Cheer Up Charlie’s always maintains a lively chatter. Even on a foggy Sunday night, a friendly crowd amassed to watch Carry Illinois perform songs from their Garage Sale EP. I was greeted by the band’s frontwoman Lizzy Lehman with a warm smile and Cheer Up’s colorful lights illuminating her.
For a city whose reputation and self-image is built on its identity as the mecca for live music, one would expect Austin’s musical output to be through the roof and that the city’s musicians would be leading artists in every genre. Unfortunately, this is not entirely the case. Though there is no dearth of talented musicians in Austin, Texas, those artists who have hit the truly big-time can be counted on one hand (depending on your criteria—Willie Nelson and Spoon are probably the only inarguable names on the list) and, like the city itself, tend to pride themselves on their weirdness, their refusal to fit into existing notions and norms of music.
Given the massive popularity of hip-hop music in modern culture, it is perhaps (at first glance) no surprise then that the hip-hop community and scene in Austin is not thriving. It’s just like Austin to shun the genre that is dominating popular culture, to stand by their strange strains of psychedelia and celestial pop-funk. That said, to consider hip-hop a genre without room for “weirdness” is a massive disservice to the music and to those artists creating that music, just like excluding an entire aspect to the music industry and culture is a disservice to that community. There are, of course, some very talented rap and hip-hop artists here in Austin— they just need our attention and our support. With The Bishops leading the charge, there are some name emerging from Austin’s hip-hop community with a promising buzz to them: Clee and Ronnie Lott are two of those names. This Thursday, November 16th at Empire Control Room, Vinyl List is going to see what the buzz is all about, as these two musicians have been given the opportunity to open up for Chynna Rogers, who has the notable distinction of being the “first lady” of the A$AP Mob. We invite you to join us in discovering and supporting some of Austin’s best-kept treasures.
“It’s finally yours.” Theron Pray, founder of Synesthesia Live, released this statement following the V1.11 update.
Synesthesia Live is in the business of making concerts a submersing auditory and visual experience. The team has been “nose-to-the-grindstone” all summer in order to create this revolutionary step forward.
Jeremy Rogers’s dream of a “hyper-fantastical reality” has translated itself into music he produces under the moniker, BUHU.
And now, BUHU is taking their bedroom synth-pop on a transpacific journey to Japan in early November.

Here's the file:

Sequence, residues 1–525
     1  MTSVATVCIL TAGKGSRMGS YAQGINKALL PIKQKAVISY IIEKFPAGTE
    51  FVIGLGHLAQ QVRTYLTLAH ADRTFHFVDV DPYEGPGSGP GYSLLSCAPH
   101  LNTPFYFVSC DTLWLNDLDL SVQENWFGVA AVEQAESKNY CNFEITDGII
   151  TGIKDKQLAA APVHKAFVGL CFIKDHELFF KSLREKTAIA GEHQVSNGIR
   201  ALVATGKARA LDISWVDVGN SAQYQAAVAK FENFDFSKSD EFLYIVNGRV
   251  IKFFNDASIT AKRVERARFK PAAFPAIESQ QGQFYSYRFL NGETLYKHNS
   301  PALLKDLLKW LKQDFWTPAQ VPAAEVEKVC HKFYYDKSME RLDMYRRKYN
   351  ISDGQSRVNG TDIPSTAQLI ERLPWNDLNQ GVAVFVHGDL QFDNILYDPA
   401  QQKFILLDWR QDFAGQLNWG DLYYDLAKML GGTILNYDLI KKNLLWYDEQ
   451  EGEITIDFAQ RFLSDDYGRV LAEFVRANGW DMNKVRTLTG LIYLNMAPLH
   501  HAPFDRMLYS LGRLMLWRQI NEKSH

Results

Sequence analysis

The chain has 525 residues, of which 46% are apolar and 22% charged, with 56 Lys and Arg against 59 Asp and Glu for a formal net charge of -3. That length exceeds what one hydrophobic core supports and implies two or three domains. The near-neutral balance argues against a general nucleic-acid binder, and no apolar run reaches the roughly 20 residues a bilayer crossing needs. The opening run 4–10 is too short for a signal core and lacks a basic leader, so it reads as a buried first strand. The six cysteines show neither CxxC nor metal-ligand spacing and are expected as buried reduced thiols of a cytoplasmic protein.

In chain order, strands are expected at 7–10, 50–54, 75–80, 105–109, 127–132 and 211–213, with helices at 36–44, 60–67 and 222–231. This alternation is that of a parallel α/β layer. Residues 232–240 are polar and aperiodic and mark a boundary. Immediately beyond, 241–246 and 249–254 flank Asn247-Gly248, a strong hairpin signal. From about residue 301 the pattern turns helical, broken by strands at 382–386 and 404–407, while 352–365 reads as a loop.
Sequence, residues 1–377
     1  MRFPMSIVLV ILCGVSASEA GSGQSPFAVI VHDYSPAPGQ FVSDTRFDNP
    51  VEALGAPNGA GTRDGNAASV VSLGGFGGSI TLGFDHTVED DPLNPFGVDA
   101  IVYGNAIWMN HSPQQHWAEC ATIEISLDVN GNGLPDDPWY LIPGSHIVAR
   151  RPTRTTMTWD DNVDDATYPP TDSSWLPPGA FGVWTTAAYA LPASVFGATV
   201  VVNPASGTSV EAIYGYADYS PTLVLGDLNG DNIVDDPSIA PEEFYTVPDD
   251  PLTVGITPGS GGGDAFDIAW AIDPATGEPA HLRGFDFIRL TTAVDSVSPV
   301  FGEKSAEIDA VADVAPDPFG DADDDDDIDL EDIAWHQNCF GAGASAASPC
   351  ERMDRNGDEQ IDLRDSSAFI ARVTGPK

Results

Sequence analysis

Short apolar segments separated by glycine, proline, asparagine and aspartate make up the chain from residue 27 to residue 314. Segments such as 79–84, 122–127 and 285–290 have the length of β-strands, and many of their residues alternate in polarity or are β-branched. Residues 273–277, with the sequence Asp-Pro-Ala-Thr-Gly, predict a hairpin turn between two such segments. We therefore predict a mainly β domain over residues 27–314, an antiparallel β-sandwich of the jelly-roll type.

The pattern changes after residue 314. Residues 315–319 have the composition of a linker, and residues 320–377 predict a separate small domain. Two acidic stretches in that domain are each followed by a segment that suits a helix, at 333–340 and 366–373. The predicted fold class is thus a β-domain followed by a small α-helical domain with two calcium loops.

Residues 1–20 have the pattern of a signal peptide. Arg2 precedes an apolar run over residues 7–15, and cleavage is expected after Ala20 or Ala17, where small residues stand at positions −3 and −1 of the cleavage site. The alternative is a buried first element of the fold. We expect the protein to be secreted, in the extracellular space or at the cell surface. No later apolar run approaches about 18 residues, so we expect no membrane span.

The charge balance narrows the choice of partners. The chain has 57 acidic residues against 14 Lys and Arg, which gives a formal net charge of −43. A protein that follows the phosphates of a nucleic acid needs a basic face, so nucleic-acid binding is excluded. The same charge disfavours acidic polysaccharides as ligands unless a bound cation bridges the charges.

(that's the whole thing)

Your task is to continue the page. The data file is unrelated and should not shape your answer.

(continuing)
The Austin Music Video Festival awards show Saturday night definitely helped keep Austin weird for the third year in a row. As I first walked in to the Austin School of Film, one musician waddled by me in scuba diving flippers, drinking beer through a snorkel and laughing with another woman in bunny pajamas. This event was sponsored with catered drinks from Tito’s Vodka, Dulce Vida’s organic Tequila, Uncle Billy‘s beer, Oskar Blues brewery, and Tubi 60’s vegan citrus Israeli liquor. The free catered alcohol gave the venue a loose vibe and people were letting their freak flag fly. For example, as Calliope Musicals performed in silver space suits while green aliens were dipping and dabbing in a background of cartoons and an orgy of psychedelic colors. Other performances included women twerking with George Bush masks on and rock bands jamming out in yoga pants. To say the least, this was one of the most confusing and unique events I had ever seen.
Co-written by Sam Votaw
For children living in foster care, consistency can be a virtually foreign concept. Often the victims of unfathomable abuse and neglect, these individuals then begin to seek security and belonging within a system where repeated home transfers—and the ensuing revolving door of friendly faces without ample enough time to make an impact—are unfortunately the norm.
Well it turns out that Austin’s iconic hipsters and hippie music lovers are going to be thankful to one man for making their esoteric music taste now easily discoverable. Glenn McDonald is the person who has classified even the most obscure and niche genres and is now every fans best friend. Never before has it been easier to discover new styles of music and artists you otherwise wouldn’t have known.
The Austin Music Video Festival, now nearing its third annual start date, combined the music, art, food, and technology that everyone loves Austin for into a five day event. Starting Tuesday, September 12th and ending Saturday, September 16th this festival gives everyone the chance to support local musicians, directors, and actors. The AMVFest will be hosting screenings of 100 music videos, panels, live performances, mixers, and after parties all week that culminate into an awards show Saturday night. This year the festival will feature special screenings from legendary director Spike Jonze, Flaming Lips, CHRISTEENE, and Holodeck Records, Walker Lukens, and more. General admissions tickets are $15 a day or $65 for all five days of screenings, concerts, parties, and awards ceremonies. AMVFest also offers VIP passes that give you access to complimentary drinks, hotel pool access, expedited lines, and priority seating. Most importantly, a portion of all ticket sales will be donated to Americares in support of Hurricane Harvey Relief efforts. Both types of tickets are available here.